In the tradition of They Might Be Giants' "James K. Polk," the band Two Man Gentlemen Band, who describe themselves in an email to me as a "vaudevillian-swing duo," have released the song "Franklin Pierce," in honor of the fourteenth U.S. president. They rhyme the president's last name with the word tears and beer, perhaps on account of his struggle with alcoholism. (It may not have been pronounced that way, though. His contemporary Lydia Maria Child, who loathed Pierce for opposing abolitionism, once said his name rhymed with curse.)
“They are evidently man and wife,” wrote the journalist George G. Foster, of two customers in one of 19th-century New York’s upscale ice cream parlors, “though not each other’s!”
I write about adulterous ice cream and other dark secrets in my chapter on old New York’s high life and low life in the forthcoming Cambridge Companion to the Literature of New York. I’ll be giving a short reading from my chapter at the launch party, free and open to the public, this Sunday night, May 2nd, at 8pm at the Bowery Poetry Club.
In my chapter, I take a quick tour of the literature of the down and out, but since the 19th-century down and out have been fairly well studied of late, I spend most of my page count describing a group of writers less well remembered: the chroniclers of the mid-19th-century rich, including such odd ducks as Charles Astor Bristed, Nathaniel Parker Willis, Régis de Trobriand, Ann S. Stephens, Donald G. Mitchell, George Templeton Strong, and George William Curtis. I discuss such vexing questions as how to mix a sherry cobbler properly, how to throw a party when your brownstone is only twenty-five feet wide, and what to do about the dangerous rash of flirtations between middle-aged women and much-younger men, as satirized in cartoons like this one, from 1852:
The caption, in case the scan is too grainy to read:
Young New York at a Party
Lady of the House.— Charlie, why don’t you ask Miss Brown to dance?
Charlie.— Cawn’t. Too demn’d young.
Over at the Boston Globe‘s Brainiac blog, Christopher Shea relays the news that NPR has a new slideshow up about jobs that no longer exist, including copy boy, bowling pin setter, and lector, a person paid to read aloud to people rolling cigars by hand.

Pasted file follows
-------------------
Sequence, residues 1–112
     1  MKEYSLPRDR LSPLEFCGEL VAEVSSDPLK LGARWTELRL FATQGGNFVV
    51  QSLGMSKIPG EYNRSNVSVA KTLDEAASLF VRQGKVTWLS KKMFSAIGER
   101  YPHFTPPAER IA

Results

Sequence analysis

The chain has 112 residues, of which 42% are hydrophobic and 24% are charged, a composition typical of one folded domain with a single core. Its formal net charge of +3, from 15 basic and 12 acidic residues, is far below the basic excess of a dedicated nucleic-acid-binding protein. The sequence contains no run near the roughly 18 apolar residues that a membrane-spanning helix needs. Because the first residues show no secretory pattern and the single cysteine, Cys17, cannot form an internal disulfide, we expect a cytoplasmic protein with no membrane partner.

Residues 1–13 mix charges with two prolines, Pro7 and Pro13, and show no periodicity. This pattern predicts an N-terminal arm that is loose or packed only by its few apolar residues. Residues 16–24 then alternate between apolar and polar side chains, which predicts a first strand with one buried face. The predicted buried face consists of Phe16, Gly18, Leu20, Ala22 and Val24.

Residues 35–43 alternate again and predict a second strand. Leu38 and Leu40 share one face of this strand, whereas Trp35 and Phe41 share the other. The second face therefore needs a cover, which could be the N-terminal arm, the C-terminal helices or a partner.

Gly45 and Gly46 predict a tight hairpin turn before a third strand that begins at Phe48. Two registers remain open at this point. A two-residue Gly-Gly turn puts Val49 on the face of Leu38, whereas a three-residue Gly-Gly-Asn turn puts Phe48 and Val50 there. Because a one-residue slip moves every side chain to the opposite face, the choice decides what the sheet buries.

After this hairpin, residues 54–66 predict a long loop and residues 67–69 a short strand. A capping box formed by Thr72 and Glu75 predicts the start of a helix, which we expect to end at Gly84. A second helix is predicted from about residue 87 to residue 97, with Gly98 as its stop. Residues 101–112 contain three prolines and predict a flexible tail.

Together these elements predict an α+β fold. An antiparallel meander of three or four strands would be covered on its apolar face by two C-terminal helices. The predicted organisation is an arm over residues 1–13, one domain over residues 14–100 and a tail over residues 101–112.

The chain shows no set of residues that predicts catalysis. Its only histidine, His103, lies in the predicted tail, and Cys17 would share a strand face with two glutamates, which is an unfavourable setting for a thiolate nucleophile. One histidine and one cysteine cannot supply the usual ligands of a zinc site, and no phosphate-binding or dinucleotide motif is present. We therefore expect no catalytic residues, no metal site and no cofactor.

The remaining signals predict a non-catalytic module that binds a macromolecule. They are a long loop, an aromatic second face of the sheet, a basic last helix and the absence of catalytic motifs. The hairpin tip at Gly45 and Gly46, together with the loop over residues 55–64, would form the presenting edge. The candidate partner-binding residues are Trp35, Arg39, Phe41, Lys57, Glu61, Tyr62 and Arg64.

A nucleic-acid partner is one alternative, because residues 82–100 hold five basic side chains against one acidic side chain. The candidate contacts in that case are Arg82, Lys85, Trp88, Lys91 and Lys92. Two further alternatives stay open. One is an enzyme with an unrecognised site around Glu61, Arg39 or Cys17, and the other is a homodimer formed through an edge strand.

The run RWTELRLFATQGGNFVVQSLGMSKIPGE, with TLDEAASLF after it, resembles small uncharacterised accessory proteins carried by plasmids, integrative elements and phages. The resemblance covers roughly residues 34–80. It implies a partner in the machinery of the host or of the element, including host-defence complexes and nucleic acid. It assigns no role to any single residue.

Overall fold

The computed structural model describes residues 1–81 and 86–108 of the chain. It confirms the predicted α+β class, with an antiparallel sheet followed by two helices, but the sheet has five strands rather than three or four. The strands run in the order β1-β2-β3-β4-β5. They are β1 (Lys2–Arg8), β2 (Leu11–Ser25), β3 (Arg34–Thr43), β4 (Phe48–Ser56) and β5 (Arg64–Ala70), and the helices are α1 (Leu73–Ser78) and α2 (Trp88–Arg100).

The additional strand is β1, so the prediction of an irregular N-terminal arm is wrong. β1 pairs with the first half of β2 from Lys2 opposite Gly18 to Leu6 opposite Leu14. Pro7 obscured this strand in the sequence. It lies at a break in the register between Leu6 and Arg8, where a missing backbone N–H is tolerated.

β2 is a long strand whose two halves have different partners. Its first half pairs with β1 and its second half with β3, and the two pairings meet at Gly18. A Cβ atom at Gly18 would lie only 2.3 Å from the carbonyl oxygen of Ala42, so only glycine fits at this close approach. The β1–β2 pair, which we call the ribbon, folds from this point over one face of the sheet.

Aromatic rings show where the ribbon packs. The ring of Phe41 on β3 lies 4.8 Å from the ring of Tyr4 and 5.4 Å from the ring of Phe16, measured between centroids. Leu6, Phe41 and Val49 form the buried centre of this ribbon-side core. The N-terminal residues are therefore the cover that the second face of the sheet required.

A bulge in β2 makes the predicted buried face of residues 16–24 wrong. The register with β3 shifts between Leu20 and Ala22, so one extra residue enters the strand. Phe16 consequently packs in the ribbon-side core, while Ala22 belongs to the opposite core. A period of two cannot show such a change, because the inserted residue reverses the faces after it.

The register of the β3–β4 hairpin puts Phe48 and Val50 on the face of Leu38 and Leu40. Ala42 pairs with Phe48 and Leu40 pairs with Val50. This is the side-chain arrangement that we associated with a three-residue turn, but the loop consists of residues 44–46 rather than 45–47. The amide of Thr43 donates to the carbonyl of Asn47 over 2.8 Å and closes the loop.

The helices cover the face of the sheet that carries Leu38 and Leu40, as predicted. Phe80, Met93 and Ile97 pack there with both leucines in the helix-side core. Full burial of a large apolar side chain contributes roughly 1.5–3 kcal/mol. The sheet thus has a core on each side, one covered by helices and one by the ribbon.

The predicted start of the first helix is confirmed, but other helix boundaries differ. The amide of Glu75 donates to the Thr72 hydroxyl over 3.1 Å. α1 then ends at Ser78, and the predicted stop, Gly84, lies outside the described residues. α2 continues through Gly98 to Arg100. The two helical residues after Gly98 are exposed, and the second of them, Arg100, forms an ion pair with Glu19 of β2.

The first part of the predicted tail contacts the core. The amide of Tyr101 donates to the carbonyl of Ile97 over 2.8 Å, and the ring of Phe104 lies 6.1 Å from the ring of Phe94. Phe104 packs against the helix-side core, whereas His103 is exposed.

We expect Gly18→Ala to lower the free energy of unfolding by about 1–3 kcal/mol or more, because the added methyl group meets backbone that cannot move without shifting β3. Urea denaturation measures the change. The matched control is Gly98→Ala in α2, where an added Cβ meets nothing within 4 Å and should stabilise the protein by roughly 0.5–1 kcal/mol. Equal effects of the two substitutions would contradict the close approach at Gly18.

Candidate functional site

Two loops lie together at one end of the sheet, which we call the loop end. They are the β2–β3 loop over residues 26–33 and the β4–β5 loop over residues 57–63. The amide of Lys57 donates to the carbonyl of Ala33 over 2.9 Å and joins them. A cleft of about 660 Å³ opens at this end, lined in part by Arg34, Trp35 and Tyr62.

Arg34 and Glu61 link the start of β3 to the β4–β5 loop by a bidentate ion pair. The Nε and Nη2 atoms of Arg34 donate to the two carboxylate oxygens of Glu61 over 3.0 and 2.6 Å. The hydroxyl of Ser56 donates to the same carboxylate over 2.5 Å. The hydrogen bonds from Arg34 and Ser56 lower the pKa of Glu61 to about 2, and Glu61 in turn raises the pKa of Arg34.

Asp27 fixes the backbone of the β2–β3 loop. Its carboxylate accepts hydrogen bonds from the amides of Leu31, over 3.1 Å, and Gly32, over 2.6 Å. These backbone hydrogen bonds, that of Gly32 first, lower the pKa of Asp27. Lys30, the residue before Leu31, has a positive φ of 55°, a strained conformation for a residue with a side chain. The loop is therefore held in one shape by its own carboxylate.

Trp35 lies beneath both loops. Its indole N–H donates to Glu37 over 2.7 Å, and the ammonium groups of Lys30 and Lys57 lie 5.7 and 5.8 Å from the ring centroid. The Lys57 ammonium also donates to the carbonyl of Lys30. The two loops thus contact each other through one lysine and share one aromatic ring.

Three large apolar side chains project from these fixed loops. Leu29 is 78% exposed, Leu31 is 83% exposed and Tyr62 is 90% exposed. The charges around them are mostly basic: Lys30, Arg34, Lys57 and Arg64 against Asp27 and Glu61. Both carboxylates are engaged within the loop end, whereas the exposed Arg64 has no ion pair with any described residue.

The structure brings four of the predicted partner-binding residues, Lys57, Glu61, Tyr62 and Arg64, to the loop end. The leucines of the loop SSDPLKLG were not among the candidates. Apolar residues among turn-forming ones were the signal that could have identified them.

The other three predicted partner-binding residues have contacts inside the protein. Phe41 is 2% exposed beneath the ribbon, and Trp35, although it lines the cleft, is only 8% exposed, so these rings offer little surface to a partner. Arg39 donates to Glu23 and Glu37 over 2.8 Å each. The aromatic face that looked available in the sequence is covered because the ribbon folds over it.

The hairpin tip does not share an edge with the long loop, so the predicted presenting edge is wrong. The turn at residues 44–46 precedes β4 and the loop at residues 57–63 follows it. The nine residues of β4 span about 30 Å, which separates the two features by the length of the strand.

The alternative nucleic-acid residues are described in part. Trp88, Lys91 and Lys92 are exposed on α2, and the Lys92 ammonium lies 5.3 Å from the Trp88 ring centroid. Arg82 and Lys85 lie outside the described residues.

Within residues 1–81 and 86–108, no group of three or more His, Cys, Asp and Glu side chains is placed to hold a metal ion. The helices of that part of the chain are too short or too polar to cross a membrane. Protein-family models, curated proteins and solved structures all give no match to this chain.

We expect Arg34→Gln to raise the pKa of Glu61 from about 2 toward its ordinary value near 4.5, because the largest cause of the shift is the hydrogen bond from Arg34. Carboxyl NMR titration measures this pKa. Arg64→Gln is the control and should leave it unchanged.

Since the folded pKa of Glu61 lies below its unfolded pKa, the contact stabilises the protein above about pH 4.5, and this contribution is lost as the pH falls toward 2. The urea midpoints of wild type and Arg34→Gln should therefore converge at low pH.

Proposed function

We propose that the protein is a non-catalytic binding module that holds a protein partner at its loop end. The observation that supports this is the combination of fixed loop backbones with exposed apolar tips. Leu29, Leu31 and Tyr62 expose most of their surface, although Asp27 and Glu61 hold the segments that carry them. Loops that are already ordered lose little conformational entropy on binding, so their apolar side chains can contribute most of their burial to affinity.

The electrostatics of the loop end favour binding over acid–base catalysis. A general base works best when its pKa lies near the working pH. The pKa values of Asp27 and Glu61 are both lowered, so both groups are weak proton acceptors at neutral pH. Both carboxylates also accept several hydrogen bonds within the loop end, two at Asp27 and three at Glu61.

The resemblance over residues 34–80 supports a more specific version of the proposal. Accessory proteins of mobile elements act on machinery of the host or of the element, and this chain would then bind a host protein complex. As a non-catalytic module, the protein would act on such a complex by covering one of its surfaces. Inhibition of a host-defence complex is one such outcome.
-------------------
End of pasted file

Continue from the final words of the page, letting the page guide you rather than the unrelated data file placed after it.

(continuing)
I knew I’d heard about this job before, though it took me a minute to remember that it was in James Weldon Johnson’s lovely 1912 novel Autobiography of an Ex-Colored Man:
After I had been in the factory a little over a year, I was repaid for all the effort I had put forth to learn Spanish by being selected as “reader.” The “reader” is quite an institution in all cigar factories which employ Spanish-speaking workmen. He sits in the center of the large room in which the cigar makers work and reads to them for a certain number of hours each day all the important news from the papers and whatever else he may consider would be interesting. He often selects an exciting novel, and reads it in daily installments. He must, of course, have a good voice, but he must also have a reputation among the men for intelligence, for being well posted and having in his head a stock of varied information. He is generally the final authority on all arguments which arise; and, in a cigar factory, these arguments are many and frequent, ranging from discussions on the respective and relative merits of rival baseball clubs to the duration of the sun’s light and energy—cigar making is a trade in which talk does not interfere with work. My position as “reader” not only released me from the rather monotonous work of rolling cigars, and gave me something more in accord with my tastes, but also added considerably to my income. I was now earning about twenty-five dollars a week . . .